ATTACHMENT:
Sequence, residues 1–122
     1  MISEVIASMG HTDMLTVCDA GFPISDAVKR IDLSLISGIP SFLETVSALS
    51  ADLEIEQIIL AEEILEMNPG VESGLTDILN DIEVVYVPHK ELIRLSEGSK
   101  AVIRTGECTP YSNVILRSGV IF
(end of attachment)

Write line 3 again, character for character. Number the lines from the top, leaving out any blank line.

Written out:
    51  ADLEIEQIIL AEEILEMNPG VESGLTDILN DIEVVYVPHK ELIRLSEGSK